RE: Processing Calcified Bone

From:Linda Jenkins


You stated:

"I'm in search of processing protocols for calcified bone. The samples for
this particular study are calcified sheep bone with tendon attached. The
average sample size is 1cm X 1cm X 0.3mm. Also, these samples have been
labeled with tetracycline dye.
We are currently trying three different fixatives (NBF, Alcohol Formalin,
and 70% ETOH). We plan on dehydrating in 70%, 95%, and 100% ETOH, for
about 4 days each; followed by xylene for 24hours.
Then we have a dilemma? What embedding media should we infiltrate and embed
with? PMMA? MMA? or JB-4? And for how long? I am having difficulty
finding protocols, especially for the PMMA method.
Once embedded, we hope to be able to obtain 5 u sections on a Leica RM 2155
microtome with a D-profile Tungsten Carbide Knife.
Are we dreaming? Or does this sound somewhat reasonable? Your thoughts,
advise, prayers, and protocols are greatly appreciate."

First of all, I'm glad to see that you are trying 3 different 
fixatives.  Most literature indicates that formalin removes bone 
labels;however, I haven't found this be to true.  Hope you publish your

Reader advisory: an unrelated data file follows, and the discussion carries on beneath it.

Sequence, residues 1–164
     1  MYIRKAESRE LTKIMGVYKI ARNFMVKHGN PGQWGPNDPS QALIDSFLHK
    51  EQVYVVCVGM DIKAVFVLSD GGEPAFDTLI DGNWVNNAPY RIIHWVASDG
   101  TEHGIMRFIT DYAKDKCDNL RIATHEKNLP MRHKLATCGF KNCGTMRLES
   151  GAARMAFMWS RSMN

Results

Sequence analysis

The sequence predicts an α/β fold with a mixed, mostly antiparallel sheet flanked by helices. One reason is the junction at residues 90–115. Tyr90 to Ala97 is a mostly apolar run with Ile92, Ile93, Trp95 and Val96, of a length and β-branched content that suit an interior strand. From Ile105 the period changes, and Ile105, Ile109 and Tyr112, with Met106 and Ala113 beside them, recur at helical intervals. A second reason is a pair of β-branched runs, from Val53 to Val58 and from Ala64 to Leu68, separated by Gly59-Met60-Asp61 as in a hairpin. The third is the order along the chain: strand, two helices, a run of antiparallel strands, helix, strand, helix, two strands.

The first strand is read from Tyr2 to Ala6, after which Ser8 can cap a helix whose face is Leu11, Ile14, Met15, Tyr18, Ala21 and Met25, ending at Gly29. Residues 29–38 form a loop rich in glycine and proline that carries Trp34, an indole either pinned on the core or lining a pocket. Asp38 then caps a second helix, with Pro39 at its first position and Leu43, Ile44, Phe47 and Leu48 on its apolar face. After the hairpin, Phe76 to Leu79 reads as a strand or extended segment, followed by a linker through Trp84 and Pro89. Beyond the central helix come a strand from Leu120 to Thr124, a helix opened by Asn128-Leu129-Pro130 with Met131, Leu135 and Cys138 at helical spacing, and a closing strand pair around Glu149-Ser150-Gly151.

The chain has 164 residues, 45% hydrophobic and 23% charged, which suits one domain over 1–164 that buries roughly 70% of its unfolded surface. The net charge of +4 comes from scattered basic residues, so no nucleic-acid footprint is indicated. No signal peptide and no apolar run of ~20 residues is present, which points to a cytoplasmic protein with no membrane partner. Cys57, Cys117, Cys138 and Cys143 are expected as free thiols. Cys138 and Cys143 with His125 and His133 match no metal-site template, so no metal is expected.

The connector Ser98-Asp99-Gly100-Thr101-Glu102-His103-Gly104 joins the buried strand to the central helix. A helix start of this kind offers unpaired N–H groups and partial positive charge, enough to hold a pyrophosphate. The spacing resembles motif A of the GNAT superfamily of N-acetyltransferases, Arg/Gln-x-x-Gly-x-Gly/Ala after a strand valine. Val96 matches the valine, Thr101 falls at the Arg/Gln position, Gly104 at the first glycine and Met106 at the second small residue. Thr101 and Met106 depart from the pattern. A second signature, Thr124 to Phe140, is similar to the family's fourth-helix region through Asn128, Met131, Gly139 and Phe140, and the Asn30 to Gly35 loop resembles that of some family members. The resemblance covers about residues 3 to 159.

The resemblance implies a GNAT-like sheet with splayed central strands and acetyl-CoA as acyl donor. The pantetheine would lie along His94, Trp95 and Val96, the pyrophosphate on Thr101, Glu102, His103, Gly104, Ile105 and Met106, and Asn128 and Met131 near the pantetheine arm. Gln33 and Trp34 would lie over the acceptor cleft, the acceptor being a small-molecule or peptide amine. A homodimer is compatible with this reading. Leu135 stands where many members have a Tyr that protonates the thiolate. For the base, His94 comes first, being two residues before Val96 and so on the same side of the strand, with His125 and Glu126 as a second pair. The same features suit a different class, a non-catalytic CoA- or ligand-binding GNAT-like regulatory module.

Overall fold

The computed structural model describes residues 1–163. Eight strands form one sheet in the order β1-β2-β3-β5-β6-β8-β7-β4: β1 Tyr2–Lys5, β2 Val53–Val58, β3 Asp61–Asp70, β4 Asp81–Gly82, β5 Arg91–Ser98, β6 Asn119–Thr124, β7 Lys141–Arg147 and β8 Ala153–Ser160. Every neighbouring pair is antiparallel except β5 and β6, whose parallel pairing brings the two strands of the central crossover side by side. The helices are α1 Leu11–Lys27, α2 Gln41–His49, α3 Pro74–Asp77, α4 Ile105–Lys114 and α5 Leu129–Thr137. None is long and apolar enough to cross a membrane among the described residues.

results somewhere.
Second, are you using an automatic processor?  If so, you can decrease your 
processing protocol.

Here is my protocol:

10% NBF1 hr40°Cyes
10% NBF1 hr40°Cyes
70% ETOH1 hr40°Cyes
80% ETOH10 hrs40°Cyes
95% ETOH5 hrs40°Cyes
95% ETOH10 hrs40°Cyes
100% ETOH12 hrs40°Cyes
100% ETOH30 hrs40°Cyes

Now, as to the choice of monomer...that depends on what stains you want to 
see.  IHC stains are usually performed on MMA sections.  MMA resins can be 
removed from microtomed sections.  JB4 is a commercial kit that is=20
basically the same as glycol methacrylate (GMA).  GMA is cheaper and=20
usually faster to work with.  I can send you protocols for both  or go to as they have procedures for both resins.

And, finally, are not dreaming as your Leica 2155 will cut=20
mineralized bone beautifully, especially with the tungsten carbide=20
blade.  I have even cut bone with the disposable stainless steel blade!

Best wishes!

Linda Jenkins, HT
Clemson University
Dept. of Bioengineering
Clemson, SC 29634-0905

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